To John Hancock
New York July the 15. 1776
This will be handed you by Mr Griffin who has also taken upon him the charge and delivery of Two packets containing sundry Letters which were sent to Amboy Yesterday by a Flag, and forwarded to me to day by Genl Mercer. The Letter addressed to Governor Franklin came open to my hands.1
I was this morning honoured with yours of the 13 Instant with Its important and necessary Inclosures, and in obedience to the commands of Congress have transmitted Genl Howe, the Resolves intended for him—those for Genl Burgoyne I inclosed and sent to Genl Schuyler with directions immediately to forward to him.2 The Inhuman Treatment to the whole, and murder of part of our people after their surrender & capitulation, was certainly a flagrant violation of that faith which ought to be held sacred by all civilized nations, and founded in the most Savage barbarity. It highly deserved the severest reprobation, and I trust the spirited measures Congress have adopted upon the occasion, will prevent the like in future; But If they should not, and the claims of humanity are disregarded, Justice and policy will require recourse to be had to the Law of retaliation however abhorrent and disagreable to our natures in cases of Torture and Capital punishments. I have the honor to be with great respect Sir Yr Most Obedt Servt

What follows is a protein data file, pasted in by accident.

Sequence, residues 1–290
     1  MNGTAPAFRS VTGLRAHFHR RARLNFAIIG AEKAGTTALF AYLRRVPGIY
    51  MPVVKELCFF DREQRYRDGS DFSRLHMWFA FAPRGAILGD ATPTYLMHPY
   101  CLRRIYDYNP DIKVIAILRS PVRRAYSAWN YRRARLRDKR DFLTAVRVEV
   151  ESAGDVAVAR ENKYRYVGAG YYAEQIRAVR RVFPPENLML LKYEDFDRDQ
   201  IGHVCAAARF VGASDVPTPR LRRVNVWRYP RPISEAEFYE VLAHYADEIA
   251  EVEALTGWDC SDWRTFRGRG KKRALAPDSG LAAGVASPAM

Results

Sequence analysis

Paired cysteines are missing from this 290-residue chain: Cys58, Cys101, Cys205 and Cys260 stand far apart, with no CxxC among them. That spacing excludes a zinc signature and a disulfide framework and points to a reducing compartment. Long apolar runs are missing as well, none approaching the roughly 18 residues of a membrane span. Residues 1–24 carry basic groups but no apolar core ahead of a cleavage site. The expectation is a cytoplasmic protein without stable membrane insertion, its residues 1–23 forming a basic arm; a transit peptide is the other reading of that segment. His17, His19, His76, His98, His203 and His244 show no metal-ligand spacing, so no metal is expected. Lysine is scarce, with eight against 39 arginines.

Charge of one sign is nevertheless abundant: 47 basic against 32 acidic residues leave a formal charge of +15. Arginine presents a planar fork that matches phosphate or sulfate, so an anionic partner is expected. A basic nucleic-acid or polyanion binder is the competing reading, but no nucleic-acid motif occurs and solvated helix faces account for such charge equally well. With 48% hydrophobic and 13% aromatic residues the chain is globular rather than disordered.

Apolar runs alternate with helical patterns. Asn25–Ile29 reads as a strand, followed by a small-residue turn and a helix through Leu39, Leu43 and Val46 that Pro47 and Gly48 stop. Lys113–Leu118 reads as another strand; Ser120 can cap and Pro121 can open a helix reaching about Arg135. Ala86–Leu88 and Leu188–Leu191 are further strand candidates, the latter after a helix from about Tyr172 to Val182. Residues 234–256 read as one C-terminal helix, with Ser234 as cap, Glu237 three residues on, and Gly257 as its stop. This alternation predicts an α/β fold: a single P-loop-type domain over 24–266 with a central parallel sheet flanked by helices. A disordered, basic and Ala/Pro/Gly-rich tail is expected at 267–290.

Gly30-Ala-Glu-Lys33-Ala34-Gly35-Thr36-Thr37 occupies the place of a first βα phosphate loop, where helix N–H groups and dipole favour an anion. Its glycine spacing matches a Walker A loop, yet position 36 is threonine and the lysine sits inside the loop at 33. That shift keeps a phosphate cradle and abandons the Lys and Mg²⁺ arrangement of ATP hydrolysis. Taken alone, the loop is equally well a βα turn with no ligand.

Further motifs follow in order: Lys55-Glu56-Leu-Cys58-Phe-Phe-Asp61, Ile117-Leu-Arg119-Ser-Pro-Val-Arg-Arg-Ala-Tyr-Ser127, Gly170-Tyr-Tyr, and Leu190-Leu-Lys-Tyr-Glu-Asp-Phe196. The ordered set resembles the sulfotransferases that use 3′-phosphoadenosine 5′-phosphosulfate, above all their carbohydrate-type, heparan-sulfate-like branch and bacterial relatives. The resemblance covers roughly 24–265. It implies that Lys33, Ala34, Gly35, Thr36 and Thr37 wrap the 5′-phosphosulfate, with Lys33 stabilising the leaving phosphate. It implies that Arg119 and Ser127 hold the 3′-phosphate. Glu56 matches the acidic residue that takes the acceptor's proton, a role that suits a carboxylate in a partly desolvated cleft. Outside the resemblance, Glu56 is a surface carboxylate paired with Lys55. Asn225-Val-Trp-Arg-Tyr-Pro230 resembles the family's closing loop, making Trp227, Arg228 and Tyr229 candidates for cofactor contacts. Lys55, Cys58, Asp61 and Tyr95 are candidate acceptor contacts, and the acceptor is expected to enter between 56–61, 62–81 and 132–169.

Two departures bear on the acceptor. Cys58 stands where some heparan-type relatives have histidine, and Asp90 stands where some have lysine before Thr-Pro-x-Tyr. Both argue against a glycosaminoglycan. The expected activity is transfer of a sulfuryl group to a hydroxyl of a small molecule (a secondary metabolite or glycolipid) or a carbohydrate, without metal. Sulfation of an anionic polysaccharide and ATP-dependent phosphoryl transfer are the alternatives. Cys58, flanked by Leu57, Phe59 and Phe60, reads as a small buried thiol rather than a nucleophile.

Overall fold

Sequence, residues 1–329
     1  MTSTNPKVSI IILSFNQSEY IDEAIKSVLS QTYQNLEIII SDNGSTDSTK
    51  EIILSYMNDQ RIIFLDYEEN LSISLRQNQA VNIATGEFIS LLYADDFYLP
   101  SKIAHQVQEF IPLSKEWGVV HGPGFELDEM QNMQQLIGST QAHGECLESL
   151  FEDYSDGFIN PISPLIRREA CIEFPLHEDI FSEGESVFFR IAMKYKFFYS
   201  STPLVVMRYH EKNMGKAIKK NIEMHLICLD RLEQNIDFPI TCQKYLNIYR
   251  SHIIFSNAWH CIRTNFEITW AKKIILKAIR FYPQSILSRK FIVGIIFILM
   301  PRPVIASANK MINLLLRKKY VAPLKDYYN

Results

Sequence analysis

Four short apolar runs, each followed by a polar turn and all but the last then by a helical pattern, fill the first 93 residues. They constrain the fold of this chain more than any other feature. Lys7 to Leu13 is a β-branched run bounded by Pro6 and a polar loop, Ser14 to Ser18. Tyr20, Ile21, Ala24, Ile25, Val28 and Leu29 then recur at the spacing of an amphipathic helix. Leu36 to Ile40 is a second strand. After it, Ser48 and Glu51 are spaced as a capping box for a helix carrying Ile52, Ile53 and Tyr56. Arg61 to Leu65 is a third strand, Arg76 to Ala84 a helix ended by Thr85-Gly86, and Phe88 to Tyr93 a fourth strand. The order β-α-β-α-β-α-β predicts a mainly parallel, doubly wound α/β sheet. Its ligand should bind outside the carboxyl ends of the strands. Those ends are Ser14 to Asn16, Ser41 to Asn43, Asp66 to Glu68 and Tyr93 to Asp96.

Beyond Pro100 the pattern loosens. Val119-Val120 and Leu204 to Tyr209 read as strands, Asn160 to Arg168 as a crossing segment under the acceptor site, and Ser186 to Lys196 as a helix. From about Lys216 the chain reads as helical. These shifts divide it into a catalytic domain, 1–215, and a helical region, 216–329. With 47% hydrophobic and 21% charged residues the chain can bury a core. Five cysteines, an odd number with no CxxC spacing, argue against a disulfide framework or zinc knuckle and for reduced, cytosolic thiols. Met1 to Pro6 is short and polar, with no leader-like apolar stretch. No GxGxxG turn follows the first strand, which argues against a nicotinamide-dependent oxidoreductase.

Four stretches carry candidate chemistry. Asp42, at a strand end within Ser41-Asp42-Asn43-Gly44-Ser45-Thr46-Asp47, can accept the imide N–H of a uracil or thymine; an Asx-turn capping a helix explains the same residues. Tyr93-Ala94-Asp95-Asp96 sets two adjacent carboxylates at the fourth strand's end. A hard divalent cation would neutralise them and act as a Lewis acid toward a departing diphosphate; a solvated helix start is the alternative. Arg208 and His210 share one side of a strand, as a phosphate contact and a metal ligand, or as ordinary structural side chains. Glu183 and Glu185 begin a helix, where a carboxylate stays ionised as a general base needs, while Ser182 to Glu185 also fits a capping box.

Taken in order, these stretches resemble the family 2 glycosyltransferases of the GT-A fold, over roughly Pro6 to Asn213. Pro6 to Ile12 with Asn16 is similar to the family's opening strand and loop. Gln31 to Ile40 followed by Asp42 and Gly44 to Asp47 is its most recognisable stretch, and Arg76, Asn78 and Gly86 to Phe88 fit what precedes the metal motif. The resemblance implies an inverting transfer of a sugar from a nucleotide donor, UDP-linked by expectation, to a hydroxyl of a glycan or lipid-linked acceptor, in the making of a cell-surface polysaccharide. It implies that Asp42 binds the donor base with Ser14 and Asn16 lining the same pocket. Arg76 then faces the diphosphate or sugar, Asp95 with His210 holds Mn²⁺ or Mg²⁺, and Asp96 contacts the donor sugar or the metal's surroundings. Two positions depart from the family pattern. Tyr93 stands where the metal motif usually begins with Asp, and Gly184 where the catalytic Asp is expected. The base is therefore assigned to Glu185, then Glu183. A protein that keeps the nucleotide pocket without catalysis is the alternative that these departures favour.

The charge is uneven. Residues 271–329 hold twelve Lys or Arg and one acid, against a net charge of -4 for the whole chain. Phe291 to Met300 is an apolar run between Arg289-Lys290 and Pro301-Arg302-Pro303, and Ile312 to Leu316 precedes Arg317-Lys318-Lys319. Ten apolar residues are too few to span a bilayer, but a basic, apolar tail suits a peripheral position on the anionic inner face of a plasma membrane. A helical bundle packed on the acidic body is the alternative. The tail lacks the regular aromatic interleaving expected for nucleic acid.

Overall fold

LS, in Robert Hanson Harrison’s writing, DNA:PCC, item 152; LB, DLC:GW; copy, DNA:PCC, item 169; copy, DLC: Hancock Papers; Varick transcript, DLC:GW. Congress read this letter on 18 July (JCC description begins Worthington Chauncey Ford et al., eds. Journals of the Continental Congress, 1774-1789. 34 vols. Washington, D.C., 1904–37. description ends , 5:574).
1. For the arrival at Perth Amboy of these letters from the British warship Eagle, see Hugh Mercer to GW, 14 July, and note 1. A copy of Lord Howe’s letter of 20 June to Gov. William Franklin of New Jersey and a copy of Howe’s declaration of that date offering pardons to repenting American Patriots are in DLC:GW. The packets included nearly identical letters addressed to the other royal governors of the middle and southern colonies as well as a number of private letters from Lord Howe’s friends in England to correspondents in America regarding reconciliation. Samuel Griffin was appointed deputy adjutant general to the flying camp by Congress on 19 July (JCC description begins Worthington Chauncey Ford et al., eds. Journals of the Continental Congress, 1774-1789. 34 vols. Washington, D.C., 1904–37. description ends , 5:592).